An almost two-year data breach has hit more than 368,000 involved in the Virtual (FLVS) program.

FLVS said in a statement that the data was likely active between 2 May 2016 and 12 February 2018 and that up to 2,000 teachers were impacted along with the students.

The leaked information includes student and parent names, dates of birth, email addresses, school account numbers and corresponding usernames and passwords – all of which could be used for identity theft as well as follow-on phishing and other social engineering attacks.

“For those affected by the data breach, it’s imperative that all accounts are regularly monitored for identity theft,” said Dean Ferrando, EMEA manager at firm Tripwire, via email. “Changing passwords will also help, no matter what information was compromised. Victims are most vulnerable during the initial moments after the , and this is why we recommend they act with extreme caution when dealing with incoming emails and telephone calls regarding the breach.”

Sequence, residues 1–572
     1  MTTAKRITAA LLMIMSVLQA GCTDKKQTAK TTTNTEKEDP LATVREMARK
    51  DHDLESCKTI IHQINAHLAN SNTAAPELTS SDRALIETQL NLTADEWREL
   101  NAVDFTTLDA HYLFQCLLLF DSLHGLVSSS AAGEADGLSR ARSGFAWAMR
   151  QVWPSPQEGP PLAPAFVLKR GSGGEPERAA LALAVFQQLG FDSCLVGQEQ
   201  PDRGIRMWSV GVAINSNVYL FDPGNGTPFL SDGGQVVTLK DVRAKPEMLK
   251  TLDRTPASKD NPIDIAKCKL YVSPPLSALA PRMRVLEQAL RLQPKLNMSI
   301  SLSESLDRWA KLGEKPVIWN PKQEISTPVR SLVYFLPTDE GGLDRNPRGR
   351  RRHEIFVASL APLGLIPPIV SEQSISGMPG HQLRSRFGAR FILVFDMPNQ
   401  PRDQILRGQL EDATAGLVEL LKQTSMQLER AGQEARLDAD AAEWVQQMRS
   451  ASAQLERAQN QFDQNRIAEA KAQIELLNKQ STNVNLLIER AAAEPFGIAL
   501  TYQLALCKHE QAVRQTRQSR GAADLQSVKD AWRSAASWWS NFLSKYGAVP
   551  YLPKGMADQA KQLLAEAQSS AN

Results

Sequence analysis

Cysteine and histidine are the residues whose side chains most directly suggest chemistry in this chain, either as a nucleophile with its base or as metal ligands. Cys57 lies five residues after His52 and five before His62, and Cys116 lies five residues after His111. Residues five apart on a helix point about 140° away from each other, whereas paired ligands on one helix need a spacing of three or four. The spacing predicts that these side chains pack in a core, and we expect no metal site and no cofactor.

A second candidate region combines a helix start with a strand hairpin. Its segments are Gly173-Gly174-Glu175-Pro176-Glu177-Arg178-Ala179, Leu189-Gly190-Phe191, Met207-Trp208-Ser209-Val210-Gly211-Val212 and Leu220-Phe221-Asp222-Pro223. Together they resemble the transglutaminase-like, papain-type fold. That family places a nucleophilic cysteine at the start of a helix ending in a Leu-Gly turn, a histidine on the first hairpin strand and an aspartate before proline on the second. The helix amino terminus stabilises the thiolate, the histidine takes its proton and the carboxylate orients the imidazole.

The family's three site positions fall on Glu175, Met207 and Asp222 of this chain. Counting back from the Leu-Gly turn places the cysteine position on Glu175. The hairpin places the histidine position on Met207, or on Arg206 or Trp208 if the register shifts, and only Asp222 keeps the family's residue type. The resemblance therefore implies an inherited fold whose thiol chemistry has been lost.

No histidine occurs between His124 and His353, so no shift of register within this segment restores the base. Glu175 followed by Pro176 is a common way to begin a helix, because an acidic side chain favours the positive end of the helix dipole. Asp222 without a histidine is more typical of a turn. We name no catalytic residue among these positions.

Fortunately, neither student nor parent Social Security numbers and financial account information were affected. Still, it should be a wake-up call for the school.

“Educational institutions are prime targets for cyber-attackers due to the critical data they hold,” said Ferrando. “Schools, colleges and universities have large collections of personally identifiable information for their faculty, staff and students, and this provides significant motivation for attackers to try and exploit any within their systems. Therefore, organizations need to actively observe how their system operates, especially when private information is concerned. In doing so, they can ensure that all systems are configured properly and securely.

The institution, which offers K–12 online education in Florida and globally, said it has contacted Leon County Schools, with which it’s affiliated, and notified the Florida Department of Law Enforcement (FDLE) and the FBI.

“FLVS is continuing its internal investigation and is fully cooperating with law enforcement agencies as they seek to apprehend those responsible for this crime,” the school said in a statement, adding that it’s offering free identity protection services to students, former students and others who were impacted by the incident.

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